Complex, transformational projects are becoming the norm. Between a global pandemic, political unrest and the devastating impact of climate change, the project delivery environment is more volatile than ever.

These forces are driving an increased focus on behavioural skills in the world of project management. Strong leadership, communication skills and adaptability are becoming must haves.

But that doesn’t mean you can forget about core technical project management skills like project scheduling. Having a well-managed project schedule and being prepared to adjust it along the way is arguably more important than ever for project success.

Read on to get an overview of the top project scheduling tools and techniques and learn which ones work best depending on your project.

What is project scheduling?

project schedule is a dynamic planning, control and communication tool used by project managers. Project scheduling involves documenting the project’s tasks, deliverables, resources and timing.


“Getting your project schedule right is a key part of the challenge of project management. You then need to find a way to communicate it to stakeholders in a way that resonates for them, and as plans change, you need to keep it up to date and alive – but it needs to start with a good schedule.”

Chris Latcham, Associate Director, Management Consulting, KPMG

Why do you need a project schedule?

A well-developed and maintained project schedule guides the project team and communicates progress to stakeholders. It contributes heavily to project success by providing a clear roadmap to help the project team deliver high quality outcomes on time and on budget.

Project scheduling tools and techniques

Scheduling can be simple or complex, depending on the project’s needs. Let’s run through some of the most popular project scheduling methods and when you should use them.



1. Task list

This is the most basic form of project schedule. It’s simply a list of activities, showing who is responsible and giving deadlines. You can do this in a spreadsheet, Word document, calendar or project software. A task list can be useful for small projects, but it’s not the best tool available for large, complex projects.

2. Work breakdown structure (WBS)

A WBS is a graphical, hierarchical representation of every step needed to deliver the project. It’s a great first step in breaking down a project scope into smaller, more manageable chunks. It gives a framework for cost estimating, resource planning and more detailed scheduling techniques.




3. Gantt chart

This is the most common form of project schedule. It’s a horizontal bar chart that tracks activities over time and allows you to communicate the project timeline visually. They’re great for graphically representing the project flow but can get cumbersome when your project is complex with many inter-dependencies.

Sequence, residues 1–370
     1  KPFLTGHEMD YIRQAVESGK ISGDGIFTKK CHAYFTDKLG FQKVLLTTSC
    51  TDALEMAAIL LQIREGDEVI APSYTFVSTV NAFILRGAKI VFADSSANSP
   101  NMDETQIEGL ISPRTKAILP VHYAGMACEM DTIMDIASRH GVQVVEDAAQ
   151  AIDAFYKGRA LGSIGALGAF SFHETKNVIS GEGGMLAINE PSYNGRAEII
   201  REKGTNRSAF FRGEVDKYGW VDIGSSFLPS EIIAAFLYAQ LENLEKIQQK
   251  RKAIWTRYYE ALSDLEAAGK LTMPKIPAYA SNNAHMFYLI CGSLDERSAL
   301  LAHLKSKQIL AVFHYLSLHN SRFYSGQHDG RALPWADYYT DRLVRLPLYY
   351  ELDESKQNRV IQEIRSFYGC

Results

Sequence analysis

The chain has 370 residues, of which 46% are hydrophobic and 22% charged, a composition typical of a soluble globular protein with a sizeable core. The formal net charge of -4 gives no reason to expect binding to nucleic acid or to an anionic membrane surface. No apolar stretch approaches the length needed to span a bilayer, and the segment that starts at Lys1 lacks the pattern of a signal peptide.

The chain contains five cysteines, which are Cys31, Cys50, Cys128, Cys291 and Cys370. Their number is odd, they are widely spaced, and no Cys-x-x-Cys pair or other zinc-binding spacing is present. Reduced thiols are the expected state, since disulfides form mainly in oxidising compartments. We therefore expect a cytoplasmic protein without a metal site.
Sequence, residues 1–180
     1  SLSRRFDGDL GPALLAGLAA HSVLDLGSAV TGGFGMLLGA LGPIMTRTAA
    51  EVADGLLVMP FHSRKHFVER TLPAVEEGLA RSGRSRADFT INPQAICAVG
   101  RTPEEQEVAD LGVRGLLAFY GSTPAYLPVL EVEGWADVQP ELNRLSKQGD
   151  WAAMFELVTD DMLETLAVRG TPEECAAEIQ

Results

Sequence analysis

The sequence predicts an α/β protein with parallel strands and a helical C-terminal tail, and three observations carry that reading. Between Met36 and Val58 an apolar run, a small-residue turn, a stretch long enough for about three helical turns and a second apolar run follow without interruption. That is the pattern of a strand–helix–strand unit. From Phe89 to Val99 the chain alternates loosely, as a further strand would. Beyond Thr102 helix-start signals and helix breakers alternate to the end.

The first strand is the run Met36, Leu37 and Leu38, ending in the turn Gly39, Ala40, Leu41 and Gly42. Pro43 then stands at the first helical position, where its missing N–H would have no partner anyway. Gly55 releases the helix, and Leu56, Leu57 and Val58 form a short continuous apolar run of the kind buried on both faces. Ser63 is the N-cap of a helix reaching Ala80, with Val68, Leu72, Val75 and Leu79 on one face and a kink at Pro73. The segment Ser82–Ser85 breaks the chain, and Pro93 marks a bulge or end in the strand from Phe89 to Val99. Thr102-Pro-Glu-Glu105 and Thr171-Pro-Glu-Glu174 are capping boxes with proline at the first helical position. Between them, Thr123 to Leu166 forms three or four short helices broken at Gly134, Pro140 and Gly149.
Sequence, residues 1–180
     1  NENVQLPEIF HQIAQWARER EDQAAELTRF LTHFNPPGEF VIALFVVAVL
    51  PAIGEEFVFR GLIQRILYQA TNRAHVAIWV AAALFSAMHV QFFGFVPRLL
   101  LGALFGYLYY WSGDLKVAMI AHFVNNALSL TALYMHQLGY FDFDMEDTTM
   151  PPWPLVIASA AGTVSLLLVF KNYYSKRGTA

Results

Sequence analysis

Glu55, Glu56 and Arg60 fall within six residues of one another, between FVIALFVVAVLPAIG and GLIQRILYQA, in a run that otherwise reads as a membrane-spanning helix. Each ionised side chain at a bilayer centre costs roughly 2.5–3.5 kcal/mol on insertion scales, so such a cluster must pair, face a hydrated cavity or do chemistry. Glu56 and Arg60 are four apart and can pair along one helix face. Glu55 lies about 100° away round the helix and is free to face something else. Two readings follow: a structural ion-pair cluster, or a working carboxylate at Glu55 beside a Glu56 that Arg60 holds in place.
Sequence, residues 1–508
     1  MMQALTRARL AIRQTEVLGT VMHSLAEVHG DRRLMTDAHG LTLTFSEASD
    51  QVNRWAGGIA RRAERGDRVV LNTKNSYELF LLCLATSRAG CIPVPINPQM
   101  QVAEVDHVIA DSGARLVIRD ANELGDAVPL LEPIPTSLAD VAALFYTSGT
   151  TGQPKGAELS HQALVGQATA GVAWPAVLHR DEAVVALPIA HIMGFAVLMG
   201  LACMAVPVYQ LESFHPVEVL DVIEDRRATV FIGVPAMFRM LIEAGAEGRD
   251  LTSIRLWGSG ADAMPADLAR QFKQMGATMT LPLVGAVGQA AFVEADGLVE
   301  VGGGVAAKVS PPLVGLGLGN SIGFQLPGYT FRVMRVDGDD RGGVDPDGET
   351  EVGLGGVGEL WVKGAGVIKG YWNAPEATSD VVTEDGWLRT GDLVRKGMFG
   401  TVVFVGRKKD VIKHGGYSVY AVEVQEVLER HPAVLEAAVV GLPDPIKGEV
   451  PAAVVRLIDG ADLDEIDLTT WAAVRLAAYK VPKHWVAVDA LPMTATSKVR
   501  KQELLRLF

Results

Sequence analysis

4. Simulation Simulation

is a method where you create multiple schedules that allow for different scenarios. It’s great for predicting the project length when there are risks, uncertainty and the need to accommodate unknowns. It’s flexible and adaptable, allowing you to create a schedule that can be adjusted during the project as things firm up.

5. Mathematical methods

Project managers often use mathematical methods to calculate the duration of a project based on its scope.

a) Critical path method (CPM)

The CPM adds up the time for all activities to arrive at the earliest project completion date. It’s great for industries like construction where the activity times are known.




b) Program evaluation and review technique (PERT)

The PERT method gets you to estimate the shortest time, the longest time, and the most likely time to complete each task. The weighted average of the three is the time estimate used in the schedule. It’s great for complex projects like research or IT where activity times are unknown.




6. Duration compression methods

Duration compression methods are used to shorten a schedule. Use with caution, as they can lead to bigger issues down the track.

a) Fast-tracking
Adjusting the schedule to complete more activities in parallel. It can speed up the project by overlapping tasks but comes with a greater risk of mistakes and poor quality.

b) Crashing
Using more resources than planned to complete the project faster. It relies on having spare resources or the ability to add team members, which can push the budget up.




7. Resource levelling heuristics

Resource levelling is a technique that makes adjustments to the tasks, schedule or resource allocation to flatten resource requirements. The project manager might direct resources to more critical activities or divide the tasks among the available resources for efficient resource allocation. There’s a risk of time and cost overruns, so consider your project holistically before using this technique.




Want to boost your project scheduling skills?

Knowing what project scheduling tools and techniques are right for your projects is just one of the many essential skills for project managers. As there is a lot to know in project management, there’s help available from the AIPM at every stage in your career to help you fill your skill gaps.

If you think your project scheduling skills could do with a top up, joining a professional association like the AIPM is a great place to start. You’ll find a community of like-minded professionals, find certification opportunities and get access to professional development courses and events that will boost your confidence and take your career to the next level.